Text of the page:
I know this is on the food page and I should be telling you about what I ate on my trip to Chile (a lot of fish, if you must know, not surprising in a country with 2,600 miles of coastline). But you’ll have to forgive me if this column is more of a travelogue. The food on the trip was great, but the places I went were far more a feast for the eyes. I just have to talk about them.
Torres del Paine park in Patagonia was windy, wild and wet, with snow-capped rocky crags; waterfalls, rapids and turquoise ponds fed by melting glaciers, and salt ponds populated by flocks of flamingos; herds of guanacos (wild llamas) grazing by the side of the road; and wooded trails. It exceeded its reputation as a stunning, nearly pristine wilderness area, though humans have taken their toll — a huge swath of the national park may never recover from a massive 2011 fire started by a careless camper that took out thousands of acres of 200-year-old, very slow-growing trees. But even the burned-out areas were spookily beautiful.
The snow-capped mountains of the park loomed in sharp contrast to the flatter, wind-swept, grassy pampas outside the park and surrounding our lakefront lodgings. On our way to visit the turquoise-colored glacier, the toothlike “towers” (the jagged peaks of Torres del Paine) played peek-a-boo through the morning mist. I thought it was the most spectacular, mind-blowing landscape I had ever seen.
Until we got to Atacama the next week, which topped it.
The Andes keep Chile dry, pushing most precipitation to Argentina on the east. This is compounded in the north of the country by a second, coastal mountain range that also blocks rain from the Pacific, creating the Atacama Desert.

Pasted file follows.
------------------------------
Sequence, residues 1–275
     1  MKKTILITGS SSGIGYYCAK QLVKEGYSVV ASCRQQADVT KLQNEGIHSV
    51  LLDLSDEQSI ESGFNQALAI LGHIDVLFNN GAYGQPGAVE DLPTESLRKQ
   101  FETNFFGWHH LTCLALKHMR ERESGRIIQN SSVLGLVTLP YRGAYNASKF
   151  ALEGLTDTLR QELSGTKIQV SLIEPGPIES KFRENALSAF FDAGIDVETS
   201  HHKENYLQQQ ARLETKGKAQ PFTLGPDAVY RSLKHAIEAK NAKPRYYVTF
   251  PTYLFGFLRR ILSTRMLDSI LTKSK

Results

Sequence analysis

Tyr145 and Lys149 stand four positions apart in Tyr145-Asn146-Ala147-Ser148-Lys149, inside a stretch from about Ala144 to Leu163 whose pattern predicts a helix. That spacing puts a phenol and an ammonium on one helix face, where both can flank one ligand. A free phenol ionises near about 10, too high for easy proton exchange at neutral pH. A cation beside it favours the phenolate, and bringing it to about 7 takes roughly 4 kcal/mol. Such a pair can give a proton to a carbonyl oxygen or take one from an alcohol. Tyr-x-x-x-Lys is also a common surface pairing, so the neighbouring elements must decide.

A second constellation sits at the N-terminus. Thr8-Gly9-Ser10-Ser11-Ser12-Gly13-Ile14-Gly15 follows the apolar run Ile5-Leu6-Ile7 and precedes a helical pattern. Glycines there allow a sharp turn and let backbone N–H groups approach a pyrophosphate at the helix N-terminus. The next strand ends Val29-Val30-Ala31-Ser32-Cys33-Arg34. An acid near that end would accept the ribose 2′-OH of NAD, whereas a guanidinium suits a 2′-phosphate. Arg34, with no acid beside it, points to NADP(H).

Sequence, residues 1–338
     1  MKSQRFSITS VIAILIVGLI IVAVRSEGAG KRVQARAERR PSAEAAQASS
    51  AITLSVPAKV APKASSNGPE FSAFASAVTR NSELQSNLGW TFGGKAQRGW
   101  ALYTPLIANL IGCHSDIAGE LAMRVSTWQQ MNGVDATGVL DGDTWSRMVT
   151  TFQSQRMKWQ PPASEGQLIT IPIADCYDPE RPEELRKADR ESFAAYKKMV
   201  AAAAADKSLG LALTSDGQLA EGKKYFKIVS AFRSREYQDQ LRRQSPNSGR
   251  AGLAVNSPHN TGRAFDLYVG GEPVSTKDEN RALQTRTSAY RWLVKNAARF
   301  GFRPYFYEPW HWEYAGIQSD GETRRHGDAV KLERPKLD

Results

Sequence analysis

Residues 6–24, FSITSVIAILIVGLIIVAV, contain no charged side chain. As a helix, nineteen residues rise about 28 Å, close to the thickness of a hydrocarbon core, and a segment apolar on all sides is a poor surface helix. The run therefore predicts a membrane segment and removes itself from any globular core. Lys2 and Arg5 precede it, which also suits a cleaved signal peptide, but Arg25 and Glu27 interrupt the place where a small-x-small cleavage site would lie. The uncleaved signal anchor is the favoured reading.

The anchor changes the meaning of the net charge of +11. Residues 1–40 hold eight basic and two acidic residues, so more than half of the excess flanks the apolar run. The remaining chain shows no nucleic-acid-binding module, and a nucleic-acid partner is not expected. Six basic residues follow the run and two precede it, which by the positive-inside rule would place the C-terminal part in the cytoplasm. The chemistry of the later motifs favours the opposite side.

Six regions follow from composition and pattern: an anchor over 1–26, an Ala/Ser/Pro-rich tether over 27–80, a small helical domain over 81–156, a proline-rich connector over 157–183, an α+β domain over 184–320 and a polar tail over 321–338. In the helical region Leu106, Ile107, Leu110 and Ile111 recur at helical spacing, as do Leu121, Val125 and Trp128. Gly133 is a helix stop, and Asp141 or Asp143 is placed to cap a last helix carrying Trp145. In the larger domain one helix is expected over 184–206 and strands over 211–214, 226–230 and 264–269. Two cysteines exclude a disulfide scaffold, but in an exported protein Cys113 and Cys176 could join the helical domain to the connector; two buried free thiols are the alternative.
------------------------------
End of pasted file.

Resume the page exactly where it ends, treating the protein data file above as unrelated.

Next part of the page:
According to the map, the desert is 1,200 miles north of Patagonia, close to Bolivia in the Andean high plains. But I think maybe it is on another planet.
We flew there on a perfectly normal airplane, but when we arrived, I had to check to make sure it wasn’t actually a rocket ship. The land was so empty, desolate and dramatic, I halfway believed we had landed on Mars. I wouldn’t have been surprised to see the rover coming toward us over the dunes.
Atacama is one of the driest places on earth, but water is what has made it extraordinary—the raging rivers that must have rushed through the landscape in the far distant past. The evidence is all around in the stunning canyons and valleys carved from the rock.
One canyon, aptly named Valley of the Moon, was a geology lesson. From the canyon rim, we gazed down at a wide expanse of bumps, ridges and rock walls lined with horizontal bands revealing the sedimentary rock that was once the floor of an ancient sea, before the massive plate movement — perhaps as much as 30 million years ago — that uplifted the Andes to their current towering heights.
A sandy expanse at the bottom of the largest chasm showed that erosion processes are continuing– and was also evidence that climate change is affecting the region. Two weeks before we got there, the area had received torrential rains (by Atacama standards). It rained for three days, and land that gets an average of 15 mm a year received that much in an hour, resulting in disastrous flash floods.